What's Included

  • All Inclusive Pricing
  • First Class Hotels
  • Breakfast and Dinner Daily
  • Deluxe A/C Motor Coaches
  • Fuel Surcharges and Gov't Taxes
  • Entrance and Program Fees
  • Guided Tours
  • International Airfare from NY
  • Gratuities

Additional Baggage and Optional fees may apply.

Call: 352-727-2268 · Email:


Daily Itinerary

Day 1 Depart USA

Your pilgrimage begins as you board your international flight for Istanbul.

Day 2 Arrive in Turkey

Upon arrival, you will be met by our airport representative. Transfer to your hotel in Istanbul for dinner and overnight.

Day 3 Istanbul & Cappadocia

The bejeweled capital of Istanbul sits between two continents and is home to 450 mosques. You will visit the famous Blue Mosque with its six minarets and sparkling interior. You will also visit the Topkapi Palace, once home to royal Sultans. Inside, you will see the fabled jewels of the Treasury, delicate displays of Chinese porcelain in the Kitchen Quarters, and the provocative Harem Quarters. Walk through St. Sophia (Hagia Sophia), which was the largest church in Christendom for 1000 years, built by Justinian (532-537 A.D.). The church has 107 columns; fossil embedded white marble floors, and beautiful glass mosaics. Today, it is the Museum of Byzantine Art. Enjoy the aroma of cinnamon, cloves, thyme, and other exotic spices as you explore the Grand Bazaar. Over 4000 shops sell everything from herbs to gold. This afternoon you will fly to Cappadocia where amazing cone-shaped rock formations create a fairy-tale landscape.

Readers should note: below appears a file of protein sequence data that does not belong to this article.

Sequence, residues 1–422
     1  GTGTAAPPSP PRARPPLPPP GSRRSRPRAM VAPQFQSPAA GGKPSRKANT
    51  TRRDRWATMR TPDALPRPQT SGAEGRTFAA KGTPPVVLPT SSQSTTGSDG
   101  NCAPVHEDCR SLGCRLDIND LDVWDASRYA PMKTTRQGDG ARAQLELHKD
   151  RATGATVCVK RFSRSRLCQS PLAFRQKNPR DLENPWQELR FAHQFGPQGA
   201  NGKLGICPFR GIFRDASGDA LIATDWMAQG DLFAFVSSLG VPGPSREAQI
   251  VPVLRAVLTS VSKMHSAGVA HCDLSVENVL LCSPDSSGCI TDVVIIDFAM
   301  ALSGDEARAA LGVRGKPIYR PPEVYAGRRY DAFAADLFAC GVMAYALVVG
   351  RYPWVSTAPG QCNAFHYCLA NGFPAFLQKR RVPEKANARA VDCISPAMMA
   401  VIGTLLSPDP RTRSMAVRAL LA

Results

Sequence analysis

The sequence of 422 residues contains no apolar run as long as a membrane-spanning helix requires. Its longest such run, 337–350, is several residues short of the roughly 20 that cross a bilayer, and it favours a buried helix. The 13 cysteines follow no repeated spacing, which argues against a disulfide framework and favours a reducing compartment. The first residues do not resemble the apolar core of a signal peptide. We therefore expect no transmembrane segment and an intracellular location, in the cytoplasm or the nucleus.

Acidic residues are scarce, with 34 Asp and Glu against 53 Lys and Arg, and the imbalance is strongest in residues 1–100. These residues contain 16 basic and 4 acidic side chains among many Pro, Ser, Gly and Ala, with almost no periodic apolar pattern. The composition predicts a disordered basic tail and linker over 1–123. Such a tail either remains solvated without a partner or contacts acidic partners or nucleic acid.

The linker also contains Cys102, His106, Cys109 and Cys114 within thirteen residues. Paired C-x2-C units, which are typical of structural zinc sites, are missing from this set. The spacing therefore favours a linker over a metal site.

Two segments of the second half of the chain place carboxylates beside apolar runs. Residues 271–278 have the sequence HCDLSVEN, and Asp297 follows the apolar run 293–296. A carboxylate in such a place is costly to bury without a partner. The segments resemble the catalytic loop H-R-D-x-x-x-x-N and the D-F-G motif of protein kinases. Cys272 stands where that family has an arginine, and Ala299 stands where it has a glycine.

Day 4 Cappadocia

Explore Cappadocia and discover that, even today, people make their homes in the cliffs and rock cones of Cappadocia. It is estimated that over 3000 rock churches exist in the region. You will visit the Rock Chapels of Goreme, the Cave Village of Avcilar, and the Monastic Complex of Zelve.

Day 5 Antioch in Pisidia

Ancient Antioch was the center of Hellenistic civilization in the region and home to a massive temple and oracle complex dedicated to the pagan god Apollo. The temple functioned until the visiting Emperor Justinian threw out the last remaining priest and ordered the place burned to the ground. Christian roots go deep into Antioch’s soil. It was to Antioch that many Jerusalem Christians fled after the death of Stephen (Acts 11). Paul and Barnabas stayed in Antioch for a year and assembled with the church and taught many people. Later, the city became the center from which Paul performed his missionary labors (Acts 13: 1-5, 14-44; 14: 26-28; 15: 22-41; 18: 22-23). It was in Antioch that the disciples were first called “Christians”, and it was here that the first non-Jews were accepted into the early church.

Day 6 Colossae, Hierapolis & Laodicea